Students can swim recognised freestyle, backstroke, breast stroke and survival backstroke over a minimum distance of 50 metres. Students have been exposed to sidestroke (as a part of water safety) and butterfly (for the swimming carnival) They understand the importance of a streamlined body and keeping a neutral head position throughout each of the strokes
Water Safety: Students learn the HELP and huddle position. They are aware of the safety aspects
around different waterways, along with the parameters of swimming safely by taking responsible people with them They learn the types of strokes to use in an emergency as well as the types of rescues to be used. Students should be able to make an educated decision that first and foremost keeps them safe. The students will learn different types of entries into the water and complete a survival swim that can used in an emergency.
CREATIVE BODY MANAGEMENT: Gymnastics: Students learn fifteen types of balances, spring and landing techniques and ten
different rolls. These are used to form the basis for extension activities like handstands, cartwheels and moves that can use more than one move. They understand the importance of planning for a performance. A clearly detailed plan with matching diagrams that incorporates the components required. They begin to take safe controlled risks following the order of progressions set out by the teacher.
Dance: Students will learn and perform a range of dance genres with different beats and
styles. They will learn how to maintain a rhythm with an ability to count and maintain the tempo. They are able to choreograph a routine based on the current theme prescribed. They are able to link movements, using a variety of levels, shapes and tempo to create a complete sequence. Time has been spent researching and rehearsing the routine prior to the performance.
FITNESS FOR THE FUTURE Athletics:
Students learn the basic concepts for an efficient running technique, jumping whether vertical or horizontal and the basic connections between each of the throws. They learn the downward V relay baton change and where to change the relay baton in relation to track location. They are able to transfer their body weight effectively forward throughout each of their throws.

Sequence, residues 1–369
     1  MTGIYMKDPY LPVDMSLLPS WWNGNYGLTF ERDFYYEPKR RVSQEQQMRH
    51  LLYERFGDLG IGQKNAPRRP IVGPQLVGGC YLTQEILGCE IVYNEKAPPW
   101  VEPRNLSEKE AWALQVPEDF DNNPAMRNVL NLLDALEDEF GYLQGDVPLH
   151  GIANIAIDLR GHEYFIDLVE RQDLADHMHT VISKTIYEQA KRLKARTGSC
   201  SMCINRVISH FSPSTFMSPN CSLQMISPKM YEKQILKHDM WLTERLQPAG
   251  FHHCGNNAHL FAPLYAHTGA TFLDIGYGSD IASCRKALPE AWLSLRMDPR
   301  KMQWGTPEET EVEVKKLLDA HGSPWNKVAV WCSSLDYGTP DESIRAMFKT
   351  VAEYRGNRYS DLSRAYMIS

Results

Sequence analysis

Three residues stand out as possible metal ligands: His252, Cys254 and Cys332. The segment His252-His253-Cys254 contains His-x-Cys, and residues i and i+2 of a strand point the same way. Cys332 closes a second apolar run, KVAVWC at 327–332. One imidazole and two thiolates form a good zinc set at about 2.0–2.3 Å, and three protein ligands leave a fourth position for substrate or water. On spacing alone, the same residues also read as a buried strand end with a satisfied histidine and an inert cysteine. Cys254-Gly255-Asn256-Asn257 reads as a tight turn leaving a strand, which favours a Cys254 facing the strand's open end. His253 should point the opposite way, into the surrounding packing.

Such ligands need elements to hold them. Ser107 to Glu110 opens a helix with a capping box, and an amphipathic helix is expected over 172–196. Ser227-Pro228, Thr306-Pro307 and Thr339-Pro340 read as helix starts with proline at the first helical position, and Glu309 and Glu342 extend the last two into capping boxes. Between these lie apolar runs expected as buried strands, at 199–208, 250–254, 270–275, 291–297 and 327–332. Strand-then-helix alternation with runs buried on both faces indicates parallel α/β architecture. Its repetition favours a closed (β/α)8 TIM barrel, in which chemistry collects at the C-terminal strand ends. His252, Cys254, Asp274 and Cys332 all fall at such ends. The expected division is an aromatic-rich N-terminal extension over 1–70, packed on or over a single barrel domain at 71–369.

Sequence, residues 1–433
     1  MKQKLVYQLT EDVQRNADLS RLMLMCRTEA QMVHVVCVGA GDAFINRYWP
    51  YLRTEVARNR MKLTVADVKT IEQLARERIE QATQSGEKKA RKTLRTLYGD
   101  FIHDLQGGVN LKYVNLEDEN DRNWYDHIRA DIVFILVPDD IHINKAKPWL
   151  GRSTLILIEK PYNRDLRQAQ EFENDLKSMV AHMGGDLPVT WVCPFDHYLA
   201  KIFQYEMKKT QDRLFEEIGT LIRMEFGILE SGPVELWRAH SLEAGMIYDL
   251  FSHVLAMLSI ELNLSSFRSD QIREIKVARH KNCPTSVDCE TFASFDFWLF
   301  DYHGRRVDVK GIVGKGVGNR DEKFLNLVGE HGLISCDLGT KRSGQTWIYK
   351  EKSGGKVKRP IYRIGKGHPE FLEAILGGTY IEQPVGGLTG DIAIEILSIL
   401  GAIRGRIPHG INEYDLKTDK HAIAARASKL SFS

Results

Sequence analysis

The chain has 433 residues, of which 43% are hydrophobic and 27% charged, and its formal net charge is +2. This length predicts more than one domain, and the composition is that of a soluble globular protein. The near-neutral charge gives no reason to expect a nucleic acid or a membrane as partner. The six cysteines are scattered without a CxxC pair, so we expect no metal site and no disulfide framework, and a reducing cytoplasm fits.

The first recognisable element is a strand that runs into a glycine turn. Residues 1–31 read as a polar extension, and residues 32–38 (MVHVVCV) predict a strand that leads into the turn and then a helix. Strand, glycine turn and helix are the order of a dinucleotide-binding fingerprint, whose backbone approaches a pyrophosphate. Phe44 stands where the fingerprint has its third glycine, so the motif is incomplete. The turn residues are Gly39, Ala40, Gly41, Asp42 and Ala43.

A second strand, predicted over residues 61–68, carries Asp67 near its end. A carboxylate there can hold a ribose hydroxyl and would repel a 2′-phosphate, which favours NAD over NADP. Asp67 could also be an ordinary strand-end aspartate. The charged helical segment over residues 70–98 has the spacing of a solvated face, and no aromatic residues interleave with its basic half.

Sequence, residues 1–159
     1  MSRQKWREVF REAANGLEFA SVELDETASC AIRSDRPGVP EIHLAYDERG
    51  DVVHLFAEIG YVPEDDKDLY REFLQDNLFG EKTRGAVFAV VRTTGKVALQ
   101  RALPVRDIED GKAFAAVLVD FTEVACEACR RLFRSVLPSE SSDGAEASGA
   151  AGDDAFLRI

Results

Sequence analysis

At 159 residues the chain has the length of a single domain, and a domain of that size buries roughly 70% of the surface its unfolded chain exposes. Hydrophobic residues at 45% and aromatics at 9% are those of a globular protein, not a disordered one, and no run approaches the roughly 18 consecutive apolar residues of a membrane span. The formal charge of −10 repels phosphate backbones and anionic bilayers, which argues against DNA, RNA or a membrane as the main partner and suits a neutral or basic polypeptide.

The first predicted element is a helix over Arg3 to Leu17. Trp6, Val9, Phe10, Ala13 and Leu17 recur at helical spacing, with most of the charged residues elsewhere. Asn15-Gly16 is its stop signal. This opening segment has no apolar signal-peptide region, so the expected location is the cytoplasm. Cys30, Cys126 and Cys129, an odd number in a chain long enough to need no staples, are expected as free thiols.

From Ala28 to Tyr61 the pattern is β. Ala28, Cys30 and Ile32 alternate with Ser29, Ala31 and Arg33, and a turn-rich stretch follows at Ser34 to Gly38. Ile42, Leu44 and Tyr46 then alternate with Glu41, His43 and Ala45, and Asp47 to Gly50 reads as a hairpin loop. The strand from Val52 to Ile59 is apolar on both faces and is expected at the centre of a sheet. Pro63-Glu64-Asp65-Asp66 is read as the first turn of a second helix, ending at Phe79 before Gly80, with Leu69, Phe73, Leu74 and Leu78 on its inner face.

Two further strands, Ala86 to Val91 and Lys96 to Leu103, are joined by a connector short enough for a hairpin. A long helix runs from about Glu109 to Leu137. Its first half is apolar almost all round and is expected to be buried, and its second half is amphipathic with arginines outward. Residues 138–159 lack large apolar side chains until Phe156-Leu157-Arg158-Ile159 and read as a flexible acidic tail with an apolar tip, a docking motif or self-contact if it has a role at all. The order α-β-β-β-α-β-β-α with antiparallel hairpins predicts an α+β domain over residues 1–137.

Students will understand the importance of physical activity each and every day both structured, but also during break times They will work through a variety of tests based on the fitness components that can assist in the development of their SMARTER goals They begin to understand the basics of different workouts and how to change their training programs can assist their overall body management
FIND MY WAY Orienteering: Students will understand the importance of reading a map whether paper or
electronic. They are able to identify the key features that make up a map and how best to utilise the features Students are able to identify the importance of working hard for their overall health and well-being through running between the set markers Students complete some line orienteering, check point orienteering and score orienteering courses.
Adventure Pursuits: Students have an opportunity to learn some challenges like generals, predators and
humans (aka herbivores and carnivores) and paintball flags. These involve cardiovascular endurance, but also the ability to work effectively in a team and communicate changing roles and responsibilities. They should also have opportunities to work in small group challenges where they take on leadership roles to complete a set challenge.
DYNAMIC WARM UP Movements:
Students understand the importance of warming up the body effectively through controlled dynamic movements. They are able to lead others in different ways to warm up the body. They are able to plan effectively and in sequence.
Gym Starters: Students are exposed to the importance of practicing set skills on a regular basis. They are able to move in and sort an activity promptly and with minimal fuss. They can record these on a checklist for teacher reference.